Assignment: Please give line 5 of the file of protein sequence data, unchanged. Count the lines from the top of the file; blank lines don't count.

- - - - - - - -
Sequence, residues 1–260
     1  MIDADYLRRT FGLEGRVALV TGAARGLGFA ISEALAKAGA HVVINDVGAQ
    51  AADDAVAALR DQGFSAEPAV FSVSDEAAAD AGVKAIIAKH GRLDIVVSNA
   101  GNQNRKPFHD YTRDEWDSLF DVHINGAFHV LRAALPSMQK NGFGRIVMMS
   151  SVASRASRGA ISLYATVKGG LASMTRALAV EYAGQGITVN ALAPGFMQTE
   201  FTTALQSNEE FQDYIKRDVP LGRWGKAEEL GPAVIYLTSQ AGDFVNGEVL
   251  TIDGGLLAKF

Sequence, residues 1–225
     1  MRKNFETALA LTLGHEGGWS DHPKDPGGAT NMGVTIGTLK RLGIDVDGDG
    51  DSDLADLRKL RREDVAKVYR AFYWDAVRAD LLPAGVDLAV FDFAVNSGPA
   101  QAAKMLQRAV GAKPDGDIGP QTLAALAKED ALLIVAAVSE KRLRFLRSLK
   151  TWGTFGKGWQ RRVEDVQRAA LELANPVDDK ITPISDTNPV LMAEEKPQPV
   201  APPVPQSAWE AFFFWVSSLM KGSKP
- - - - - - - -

   151  SVASRASRGA ISLYATVKGG LASMTRALAV EYAGQGITVN ALAPGFMQTE